Yvonne,

Curing a piece that size without some splits is darn near impossible especially if you plan on using a log that will allow you to only take the full section and square it up. If you can get a log large enough to split it lengthwise, remove the central core (heartwood) and still manage a square or rectangular piece of the size you want +10% to allow for some shrinkage and minor checking on the ends, you stand a better chance of success. Better yet, if your log is large enough to allow you to quarter it and still get the size piece you desire. Then I'd heavilly wax the ends, after roughing to size, and set it aside to dry. Kiln drying will speed things up a lot, but if you have a kiln, you probably have a moisture meter to check the progress with.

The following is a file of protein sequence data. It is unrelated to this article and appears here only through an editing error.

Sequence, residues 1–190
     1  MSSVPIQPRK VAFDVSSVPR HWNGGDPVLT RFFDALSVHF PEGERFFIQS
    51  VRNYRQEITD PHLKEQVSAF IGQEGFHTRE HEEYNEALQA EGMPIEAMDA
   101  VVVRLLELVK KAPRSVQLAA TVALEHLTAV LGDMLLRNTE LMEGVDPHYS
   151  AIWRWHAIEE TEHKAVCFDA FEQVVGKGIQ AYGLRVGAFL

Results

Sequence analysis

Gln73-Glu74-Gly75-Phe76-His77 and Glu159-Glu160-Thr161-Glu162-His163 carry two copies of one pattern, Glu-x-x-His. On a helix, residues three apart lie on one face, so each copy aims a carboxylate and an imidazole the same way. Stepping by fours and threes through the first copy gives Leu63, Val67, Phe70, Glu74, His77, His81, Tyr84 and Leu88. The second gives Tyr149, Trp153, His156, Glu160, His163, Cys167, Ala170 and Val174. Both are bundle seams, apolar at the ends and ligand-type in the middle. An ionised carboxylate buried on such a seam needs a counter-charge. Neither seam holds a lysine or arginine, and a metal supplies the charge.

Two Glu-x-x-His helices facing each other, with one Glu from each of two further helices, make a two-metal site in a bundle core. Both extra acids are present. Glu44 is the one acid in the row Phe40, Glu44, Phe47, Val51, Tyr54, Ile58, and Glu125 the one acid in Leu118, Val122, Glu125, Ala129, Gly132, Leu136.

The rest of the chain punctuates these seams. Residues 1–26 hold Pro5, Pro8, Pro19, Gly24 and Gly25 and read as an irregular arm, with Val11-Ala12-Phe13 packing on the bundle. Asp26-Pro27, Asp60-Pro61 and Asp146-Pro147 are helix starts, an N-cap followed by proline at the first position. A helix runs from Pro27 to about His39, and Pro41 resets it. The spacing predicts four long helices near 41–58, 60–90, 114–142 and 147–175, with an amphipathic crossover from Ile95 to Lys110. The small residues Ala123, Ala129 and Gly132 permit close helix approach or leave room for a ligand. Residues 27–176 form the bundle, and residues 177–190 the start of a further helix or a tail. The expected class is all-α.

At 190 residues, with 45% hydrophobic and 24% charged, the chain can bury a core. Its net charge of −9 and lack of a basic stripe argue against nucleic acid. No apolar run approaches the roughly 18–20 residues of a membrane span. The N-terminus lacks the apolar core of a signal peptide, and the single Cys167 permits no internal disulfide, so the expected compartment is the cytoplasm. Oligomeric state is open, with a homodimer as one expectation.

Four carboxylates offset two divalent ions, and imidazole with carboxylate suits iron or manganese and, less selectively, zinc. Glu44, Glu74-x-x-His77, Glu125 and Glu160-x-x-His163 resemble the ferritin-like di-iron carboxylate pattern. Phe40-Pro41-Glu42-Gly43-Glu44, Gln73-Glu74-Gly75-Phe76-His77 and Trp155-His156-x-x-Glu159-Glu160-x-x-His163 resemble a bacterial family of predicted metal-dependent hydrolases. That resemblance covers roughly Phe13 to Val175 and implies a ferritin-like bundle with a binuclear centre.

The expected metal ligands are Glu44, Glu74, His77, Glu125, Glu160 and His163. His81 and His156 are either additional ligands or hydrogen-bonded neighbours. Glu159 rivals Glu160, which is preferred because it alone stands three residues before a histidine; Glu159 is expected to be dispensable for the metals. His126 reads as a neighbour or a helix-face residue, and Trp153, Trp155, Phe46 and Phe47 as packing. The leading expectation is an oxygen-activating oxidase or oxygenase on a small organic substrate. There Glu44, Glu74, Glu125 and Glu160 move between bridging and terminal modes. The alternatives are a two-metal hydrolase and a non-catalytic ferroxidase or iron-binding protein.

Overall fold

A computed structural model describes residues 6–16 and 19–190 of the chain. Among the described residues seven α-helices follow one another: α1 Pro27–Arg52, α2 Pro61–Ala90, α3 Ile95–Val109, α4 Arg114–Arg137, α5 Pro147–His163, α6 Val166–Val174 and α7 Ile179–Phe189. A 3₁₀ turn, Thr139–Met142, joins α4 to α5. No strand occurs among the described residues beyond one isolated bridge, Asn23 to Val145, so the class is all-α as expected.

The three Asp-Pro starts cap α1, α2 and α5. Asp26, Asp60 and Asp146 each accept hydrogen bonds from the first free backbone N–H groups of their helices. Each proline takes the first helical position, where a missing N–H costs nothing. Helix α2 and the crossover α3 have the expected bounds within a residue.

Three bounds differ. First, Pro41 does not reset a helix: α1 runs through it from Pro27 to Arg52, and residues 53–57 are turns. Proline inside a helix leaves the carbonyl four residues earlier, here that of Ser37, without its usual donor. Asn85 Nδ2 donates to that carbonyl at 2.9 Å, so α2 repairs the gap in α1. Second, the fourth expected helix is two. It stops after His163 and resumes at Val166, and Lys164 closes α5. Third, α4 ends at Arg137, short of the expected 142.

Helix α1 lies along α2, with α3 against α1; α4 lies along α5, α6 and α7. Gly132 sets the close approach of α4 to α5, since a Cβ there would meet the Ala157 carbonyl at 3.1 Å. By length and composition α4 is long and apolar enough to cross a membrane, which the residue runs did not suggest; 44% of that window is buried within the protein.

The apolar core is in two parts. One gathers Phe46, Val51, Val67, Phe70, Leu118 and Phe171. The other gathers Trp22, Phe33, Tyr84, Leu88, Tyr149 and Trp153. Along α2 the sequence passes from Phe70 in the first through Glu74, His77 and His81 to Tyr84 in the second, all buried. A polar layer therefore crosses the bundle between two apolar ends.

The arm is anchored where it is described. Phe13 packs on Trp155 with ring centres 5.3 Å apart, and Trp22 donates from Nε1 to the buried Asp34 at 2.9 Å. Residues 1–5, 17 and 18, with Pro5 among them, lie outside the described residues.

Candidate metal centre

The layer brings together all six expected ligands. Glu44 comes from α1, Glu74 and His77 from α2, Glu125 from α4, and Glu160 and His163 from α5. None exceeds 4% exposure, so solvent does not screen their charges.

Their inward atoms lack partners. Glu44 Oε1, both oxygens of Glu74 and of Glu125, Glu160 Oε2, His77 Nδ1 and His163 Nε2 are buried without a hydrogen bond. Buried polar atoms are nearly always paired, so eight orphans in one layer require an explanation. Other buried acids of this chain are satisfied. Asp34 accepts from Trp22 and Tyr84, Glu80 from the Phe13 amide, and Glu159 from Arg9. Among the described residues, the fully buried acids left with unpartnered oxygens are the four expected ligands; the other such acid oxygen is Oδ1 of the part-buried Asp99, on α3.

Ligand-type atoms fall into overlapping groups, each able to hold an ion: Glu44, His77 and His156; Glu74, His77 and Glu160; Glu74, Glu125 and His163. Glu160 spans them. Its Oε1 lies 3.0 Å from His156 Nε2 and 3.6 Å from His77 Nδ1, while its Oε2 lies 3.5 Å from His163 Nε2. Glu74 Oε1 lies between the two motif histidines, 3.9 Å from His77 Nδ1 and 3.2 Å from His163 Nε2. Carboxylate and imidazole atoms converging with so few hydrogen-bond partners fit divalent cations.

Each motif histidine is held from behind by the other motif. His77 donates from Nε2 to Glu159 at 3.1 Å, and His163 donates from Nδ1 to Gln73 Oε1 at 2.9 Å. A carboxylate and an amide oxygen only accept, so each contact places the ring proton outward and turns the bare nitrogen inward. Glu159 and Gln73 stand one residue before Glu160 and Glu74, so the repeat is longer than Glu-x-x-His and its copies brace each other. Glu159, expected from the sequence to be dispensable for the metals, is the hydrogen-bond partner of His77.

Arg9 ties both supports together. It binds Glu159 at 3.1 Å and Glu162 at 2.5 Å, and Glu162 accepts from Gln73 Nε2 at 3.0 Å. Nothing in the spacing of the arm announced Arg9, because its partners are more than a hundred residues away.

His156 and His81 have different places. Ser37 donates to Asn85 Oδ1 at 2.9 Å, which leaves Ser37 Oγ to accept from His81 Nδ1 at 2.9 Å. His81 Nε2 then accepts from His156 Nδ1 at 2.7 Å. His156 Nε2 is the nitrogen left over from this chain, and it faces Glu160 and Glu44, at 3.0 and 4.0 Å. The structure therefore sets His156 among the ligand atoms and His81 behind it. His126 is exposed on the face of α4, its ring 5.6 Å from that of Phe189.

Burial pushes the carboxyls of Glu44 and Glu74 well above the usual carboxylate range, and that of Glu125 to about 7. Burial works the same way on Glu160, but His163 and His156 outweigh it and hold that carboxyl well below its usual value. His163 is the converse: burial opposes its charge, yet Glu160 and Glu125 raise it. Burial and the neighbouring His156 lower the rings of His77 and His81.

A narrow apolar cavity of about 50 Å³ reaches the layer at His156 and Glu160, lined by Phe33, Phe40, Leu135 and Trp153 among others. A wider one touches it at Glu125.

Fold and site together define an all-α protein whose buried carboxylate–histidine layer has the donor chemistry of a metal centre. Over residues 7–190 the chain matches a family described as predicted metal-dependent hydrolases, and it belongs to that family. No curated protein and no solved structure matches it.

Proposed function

You should be able to find a basswood large enough to accomodate your needs. Maybe even a large aspen. If you can find a clear white pine log, or sugar pine, these would work, too. Expect a little splitting with the pine though, even after the project is complete. Pine seems to have a lot of compression and tension stresses that want to be relieved after carving.

good luck, and let us know what you decide.

Al
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Old 05-19-2005, 09:06 AM
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Default Re: Carving Problem